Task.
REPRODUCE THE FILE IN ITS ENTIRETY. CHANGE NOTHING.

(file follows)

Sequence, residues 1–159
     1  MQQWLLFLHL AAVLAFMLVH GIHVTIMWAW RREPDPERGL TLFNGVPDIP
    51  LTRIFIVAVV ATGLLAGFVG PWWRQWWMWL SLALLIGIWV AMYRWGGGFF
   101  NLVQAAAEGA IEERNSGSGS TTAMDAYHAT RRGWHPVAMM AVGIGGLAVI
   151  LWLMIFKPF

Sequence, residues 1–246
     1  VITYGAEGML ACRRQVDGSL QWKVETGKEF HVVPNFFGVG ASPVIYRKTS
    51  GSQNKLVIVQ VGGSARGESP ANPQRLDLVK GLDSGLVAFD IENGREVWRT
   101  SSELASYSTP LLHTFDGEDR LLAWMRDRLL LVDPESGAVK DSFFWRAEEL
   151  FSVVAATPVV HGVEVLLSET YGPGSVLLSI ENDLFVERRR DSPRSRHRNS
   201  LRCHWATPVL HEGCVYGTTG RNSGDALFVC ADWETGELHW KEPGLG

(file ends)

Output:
Sequence, residues 1–159
     1  MQQWLLFLHL AAVLAFMLVH GIHVTIMWAW RREPDPERGL TLFNGVPDIP
    51  LTRIFIVAVV ATGLLAGFVG PWWRQWWMWL SLALLIGIWV AMYRWGGGFF
   101  NLVQAAAEGA IEERNSGSGS TTAMDAYHAT RRGWHPVAMM AVGIGGLAVI
   151  LWLMIFKPF

Sequence, residues 1–246
     1  VITYGAEGML ACRRQVDGSL QWKVETGKEF HVVPNFFGVG ASPVIYRKTS
    51  GSQNKLVIVQ VGGSARGESP ANPQRLDLVK GLDSGLVAFD IENGREVWRT
   101  SSELASYSTP LLHTFDGEDR LLAWMRDRLL LVDPESGAVK DSFFWRAEEL
   151  FSVVAATPVV HGVEVLLSET YGPGSVLLSI ENDLFVERRR DSPRSRHRNS
   201  LRCHWATPVL HEGCVYGTTG RNSGDALFVC ADWETGELHW KEPGLG